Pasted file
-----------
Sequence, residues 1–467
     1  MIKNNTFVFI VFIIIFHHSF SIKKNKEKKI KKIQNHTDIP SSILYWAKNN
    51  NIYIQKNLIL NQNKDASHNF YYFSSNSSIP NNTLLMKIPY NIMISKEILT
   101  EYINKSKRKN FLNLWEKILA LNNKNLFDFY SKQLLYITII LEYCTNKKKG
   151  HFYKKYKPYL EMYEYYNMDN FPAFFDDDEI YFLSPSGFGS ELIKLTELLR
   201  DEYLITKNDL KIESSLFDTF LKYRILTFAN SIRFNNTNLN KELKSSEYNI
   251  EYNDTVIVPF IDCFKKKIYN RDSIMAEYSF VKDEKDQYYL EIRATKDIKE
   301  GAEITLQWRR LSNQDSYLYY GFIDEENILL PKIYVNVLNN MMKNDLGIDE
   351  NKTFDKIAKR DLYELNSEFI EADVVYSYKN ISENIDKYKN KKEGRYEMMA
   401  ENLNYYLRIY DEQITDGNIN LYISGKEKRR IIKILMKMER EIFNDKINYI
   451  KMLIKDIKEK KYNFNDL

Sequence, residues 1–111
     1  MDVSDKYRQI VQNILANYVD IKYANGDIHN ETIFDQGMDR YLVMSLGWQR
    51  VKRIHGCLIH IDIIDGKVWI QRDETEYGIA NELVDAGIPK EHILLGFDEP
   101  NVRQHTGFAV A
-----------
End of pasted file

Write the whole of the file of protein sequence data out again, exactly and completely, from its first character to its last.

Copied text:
Sequence, residues 1–467
     1  MIKNNTFVFI VFIIIFHHSF SIKKNKEKKI KKIQNHTDIP SSILYWAKNN
    51  NIYIQKNLIL NQNKDASHNF YYFSSNSSIP NNTLLMKIPY NIMISKEILT
   101  EYINKSKRKN FLNLWEKILA LNNKNLFDFY SKQLLYITII LEYCTNKKKG
   151  HFYKKYKPYL EMYEYYNMDN FPAFFDDDEI YFLSPSGFGS ELIKLTELLR
   201  DEYLITKNDL KIESSLFDTF LKYRILTFAN SIRFNNTNLN KELKSSEYNI
   251  EYNDTVIVPF IDCFKKKIYN RDSIMAEYSF VKDEKDQYYL EIRATKDIKE
   301  GAEITLQWRR LSNQDSYLYY GFIDEENILL PKIYVNVLNN MMKNDLGIDE
   351  NKTFDKIAKR DLYELNSEFI EADVVYSYKN ISENIDKYKN KKEGRYEMMA
   401  ENLNYYLRIY DEQITDGNIN LYISGKEKRR IIKILMKMER EIFNDKINYI
   451  KMLIKDIKEK KYNFNDL

Sequence, residues 1–111
     1  MDVSDKYRQI VQNILANYVD IKYANGDIHN ETIFDQGMDR YLVMSLGWQR
    51  VKRIHGCLIH IDIIDGKVWI QRDETEYGIA NELVDAGIPK EHILLGFDEP
   101  NVRQHTGFAV A